Whether you’re a diehard baseball fan or simply curious about the game, learning to read a baseball scoreboard is an important step in understanding the sport. It’s more intimidating than it looks; with just a few simple tips, you’ll be able to break down any baseball scoreboard in no time. Let’s explore what those tips are.
The Basics of the Scoreboard
Every baseball scoreboard has two sections: one for the visiting team and one for the home team. At the top of each section is the name and logo of the team, followed by their score (in runs) and their record (in wins and losses).
Below is information on who is batting or pitching for each team and who is currently on base (if anyone). While at the bottom of each section is information on which inning it is and which team is up to bat.
The majority of abbreviations used on a baseball scoreboard have to do with special abilities or plays made by players during the game. Here are some common abbreviations you may see on a scoreboard:
• HR – Home run
• BB – Base on balls/walk
• K – Strikeout
• SB – Stolen base
• CS – Caught stealing
• E – Error
• RBI – Run batted in
• HBP – Hit by pitch
• BK – Balk
• FC – Fielder’s choice
• SF – Sacrifice fly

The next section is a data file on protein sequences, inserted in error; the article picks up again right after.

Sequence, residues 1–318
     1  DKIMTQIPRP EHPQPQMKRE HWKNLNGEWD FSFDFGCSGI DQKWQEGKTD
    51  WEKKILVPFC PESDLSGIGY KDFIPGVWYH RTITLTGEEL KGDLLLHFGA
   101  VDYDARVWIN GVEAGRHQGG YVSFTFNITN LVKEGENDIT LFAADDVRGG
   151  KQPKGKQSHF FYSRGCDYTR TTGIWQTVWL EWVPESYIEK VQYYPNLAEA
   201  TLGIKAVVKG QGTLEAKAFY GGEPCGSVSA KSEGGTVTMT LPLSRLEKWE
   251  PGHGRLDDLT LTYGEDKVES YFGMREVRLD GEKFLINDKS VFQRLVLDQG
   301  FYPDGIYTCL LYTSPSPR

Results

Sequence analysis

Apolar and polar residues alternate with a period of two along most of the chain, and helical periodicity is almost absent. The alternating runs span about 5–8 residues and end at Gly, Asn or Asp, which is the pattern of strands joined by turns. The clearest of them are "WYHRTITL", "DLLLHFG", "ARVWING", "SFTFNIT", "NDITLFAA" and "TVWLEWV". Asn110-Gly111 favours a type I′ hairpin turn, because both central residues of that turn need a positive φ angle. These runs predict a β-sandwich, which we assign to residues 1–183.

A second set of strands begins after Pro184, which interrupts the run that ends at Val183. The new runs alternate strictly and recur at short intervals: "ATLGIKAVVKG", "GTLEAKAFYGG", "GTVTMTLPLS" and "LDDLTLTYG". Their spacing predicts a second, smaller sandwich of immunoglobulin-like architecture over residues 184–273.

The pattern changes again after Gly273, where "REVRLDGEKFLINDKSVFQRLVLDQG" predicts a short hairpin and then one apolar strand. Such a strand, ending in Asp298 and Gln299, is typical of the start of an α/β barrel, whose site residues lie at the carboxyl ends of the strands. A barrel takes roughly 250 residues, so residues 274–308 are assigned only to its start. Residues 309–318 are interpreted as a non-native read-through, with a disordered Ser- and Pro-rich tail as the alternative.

• DP – Double play
You may also see some numbers listed next to certain players’ names; these refer to their batting average on that particular day. A “1” means they had one hit out of four at-bats; a “2” means they had two hits out of five, and so on. This information can be helpful if you want to know how well a player performed during that game.
Terms To Know When Reading A Scoreboard
The first thing you’ll notice is the score. This is typically displayed in the scoreboard’s top left or right corner. The home team is always listed first, followed by the away team.
Beneath each team’s name is the runs scored for that inning. Inning scores are cumulative, so if the home team has scored two runs in the first inning and one run in the second inning, their total score would be three runs.
To the right of the score, you’ll see the inning. In baseball, there are nine innings in a game. The inning is typically displayed as a number (1-9) but can also be represented by an “X” if the game goes into extra innings.
An out is when a batter is retired or a baserunner is tagged. There are three outs in an inning, and teams switch sides after every three outs. So, if the home team has two outs at the bottom of the ninth inning, they will bat in the tenth inning.
On either side of the score, you’ll see the names of the team’s pitchers. The pitcher for the team at bat is listed on the left, while the opposing pitcher is on the right.
A ball is when the pitcher throws a pitch that is not struck by the batter and is not caught by the catcher for an out. A strike is when the batter swings at a pitch and misses or when the pitch is thrown in the strike zone and not swung at.
The batting order is typically displayed as a list of numbers (1-9) but can also be represented by player initials or last names. The batting order indicates the order in which the team’s batters will come to the plate.